The Immigration and Nationality Act provides a non-immigrant visa category for persons to participate in exchange visitor
programs in the United States.
The “J” exchange visitor program is designed to promote the interchange of persons, knowledge, and skills in the fields
of education, arts, and sciences.
Participants include students at all academic levels; trainees obtaining on-the-job training with firms, institutions,
and agencies; teachers of primary, secondary, and specialized schools; professors coming to teach or do research at
institutions of higher learning; research scholars; professional trainees in the medical and allied fields; and
international visitors coming for the purpose of travel, observation, consultation, research, training, sharing,
or demonstrating specialized knowledge or skills, or participating in organized people-to-people programs.
Financial Resources: Participants in the “J” exchange visitor program must have sufficient funds to cover all
expenses, or funds must be
provided by the sponsoring organization in the form of a
scholarship or other stipend.
Scholastic Preparation: “J” exchange visitors must have sufficient scholastic preparation to participate in the
designated program, including
knowledge of the English language, or the exchange program
must be designed to accommodate non-English speaking participants.
Medical Education and Training: Exchange visitors coming under the “J” program for graduate medical education
or training must meet
certain special requirements. They include having passed the
Foreign Medical Graduate Examination in Medical Sciences, demonstrating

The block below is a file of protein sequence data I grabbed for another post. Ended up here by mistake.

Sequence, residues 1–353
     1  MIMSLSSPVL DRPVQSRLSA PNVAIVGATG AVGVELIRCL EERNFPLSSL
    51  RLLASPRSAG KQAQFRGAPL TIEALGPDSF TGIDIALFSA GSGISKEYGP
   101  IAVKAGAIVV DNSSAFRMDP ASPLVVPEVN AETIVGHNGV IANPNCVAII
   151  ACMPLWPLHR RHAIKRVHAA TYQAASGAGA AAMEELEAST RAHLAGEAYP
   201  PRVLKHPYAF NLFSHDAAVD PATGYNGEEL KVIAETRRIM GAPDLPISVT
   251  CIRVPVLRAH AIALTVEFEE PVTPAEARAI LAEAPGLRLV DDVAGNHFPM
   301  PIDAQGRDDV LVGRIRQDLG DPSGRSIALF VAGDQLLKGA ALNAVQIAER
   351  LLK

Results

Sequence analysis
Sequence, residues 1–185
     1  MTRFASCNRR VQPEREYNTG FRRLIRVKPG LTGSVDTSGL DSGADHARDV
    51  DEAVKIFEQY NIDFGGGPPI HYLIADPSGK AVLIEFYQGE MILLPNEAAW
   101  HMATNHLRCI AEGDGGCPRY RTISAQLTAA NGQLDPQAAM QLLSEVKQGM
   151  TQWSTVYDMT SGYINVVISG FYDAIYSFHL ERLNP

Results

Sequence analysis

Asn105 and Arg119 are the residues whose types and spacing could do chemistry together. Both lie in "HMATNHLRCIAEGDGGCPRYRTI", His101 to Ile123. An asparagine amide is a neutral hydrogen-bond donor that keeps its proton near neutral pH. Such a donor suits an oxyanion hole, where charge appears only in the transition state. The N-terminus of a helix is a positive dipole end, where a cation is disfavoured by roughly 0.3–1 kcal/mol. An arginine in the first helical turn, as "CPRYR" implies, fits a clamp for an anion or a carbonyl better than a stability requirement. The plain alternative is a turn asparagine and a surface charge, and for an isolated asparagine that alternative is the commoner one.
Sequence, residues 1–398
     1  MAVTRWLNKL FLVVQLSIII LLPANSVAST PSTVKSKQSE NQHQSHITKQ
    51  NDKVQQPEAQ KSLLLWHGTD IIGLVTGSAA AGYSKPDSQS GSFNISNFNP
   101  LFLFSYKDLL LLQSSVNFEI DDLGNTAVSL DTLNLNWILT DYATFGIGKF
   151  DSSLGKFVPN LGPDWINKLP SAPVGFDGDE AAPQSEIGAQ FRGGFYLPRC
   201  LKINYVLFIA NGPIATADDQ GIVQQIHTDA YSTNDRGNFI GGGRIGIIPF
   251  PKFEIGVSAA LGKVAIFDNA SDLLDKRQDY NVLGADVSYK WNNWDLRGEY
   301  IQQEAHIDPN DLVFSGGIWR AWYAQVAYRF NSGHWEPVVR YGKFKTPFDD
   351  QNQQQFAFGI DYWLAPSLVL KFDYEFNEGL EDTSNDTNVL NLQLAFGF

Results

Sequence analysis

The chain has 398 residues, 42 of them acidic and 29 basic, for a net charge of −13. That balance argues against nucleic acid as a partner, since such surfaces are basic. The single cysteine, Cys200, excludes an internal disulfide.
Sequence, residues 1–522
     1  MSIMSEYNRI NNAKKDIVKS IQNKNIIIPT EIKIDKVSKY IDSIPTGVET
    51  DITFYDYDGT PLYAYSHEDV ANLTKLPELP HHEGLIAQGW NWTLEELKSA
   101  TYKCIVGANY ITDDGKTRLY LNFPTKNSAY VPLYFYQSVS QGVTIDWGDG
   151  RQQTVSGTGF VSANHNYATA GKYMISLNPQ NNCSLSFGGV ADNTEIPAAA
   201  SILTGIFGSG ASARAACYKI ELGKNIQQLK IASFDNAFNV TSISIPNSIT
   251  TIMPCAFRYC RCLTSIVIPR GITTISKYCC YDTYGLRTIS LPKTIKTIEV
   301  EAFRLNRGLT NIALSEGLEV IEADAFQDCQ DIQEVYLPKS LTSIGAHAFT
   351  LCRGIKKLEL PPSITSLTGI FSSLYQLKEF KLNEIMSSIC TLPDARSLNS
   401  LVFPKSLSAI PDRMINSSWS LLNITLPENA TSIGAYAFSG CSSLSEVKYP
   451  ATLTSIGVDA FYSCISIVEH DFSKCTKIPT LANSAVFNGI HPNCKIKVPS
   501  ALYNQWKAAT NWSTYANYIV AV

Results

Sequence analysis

English, being automatically subject to the two-year foreign residence requirement, and being subject to time
the duration of their program. Physicians coming to the United States on
exchange visitor programs for the purpose of observation,
consultation, teaching, or
research in which there is little or no patient care are not subject to the above requirements.
Foreign Residence Requirement:
Many exchange visitors entering the United States are subject to a requirement that they return to their home country
to share with their countrymen the knowledge, experience and impressions gained during their stay in the United States.
Unless the BCIS approves a waiver for this requirement, exchange visitors must depart from the United States and live
in their country of residence for two years before they are allowed to apply for an immigrant visa, permanent
residence, or change to a new nonimmigrant status.
You are subject to the foreign residence requirement, if you are a (J-1 visa status) participant in the Exchange
Visitor Program and:
Any part of your participation in the exchange program was paid for, directly or indirectly, by your government
or the United States
You are from a country which has been designated by Bureau of Consular Affairs as requiring your skills; or
You arrived in the United States on or after January 10, 1977 to obtain graduate medical education or training.
If you fall into one of the above categories, your dependent spouse and child are also subject to the foreign
Waiver of Foreign Residence Requirement:
You may be eligible to apply for a waiver of the foreign residence requirement if:
You have a U.S. citizen or lawful permanent resident spouse or child and you can provide evidence that
returning to your country would
impose exceptional hardship on your spouse or child;
You cannot return to your country because you would be subject to persecution because of your race, religion,
or political opinion;
A U.S. government agency requests a waiver directly from the Bureau of Consular Affairs for you because you are
engaged in a project
of official interest to the agency;
Your country provides a written statement to the director of the Bureau of Consular Affairs stating that your
country has no objection to a
waiver. (If you came to the United States as an exchange
visitor to receive graduate medical education or training, you are ineligible to
a waiver on this ground.); or
A state of the United States, through the state office of public health or its equivalent, sponsors you to work
as a physician in a health
man power shortage area within the state for three years as a
nonimmigrant in H-1B status (temporary worker in specialty occupation).
If you are granted
the waiver, you must agree to begin your employment with the state within 90 days of receiving the waiver. This
state request is submitted to the director of the Bureau of Consular Affairs.
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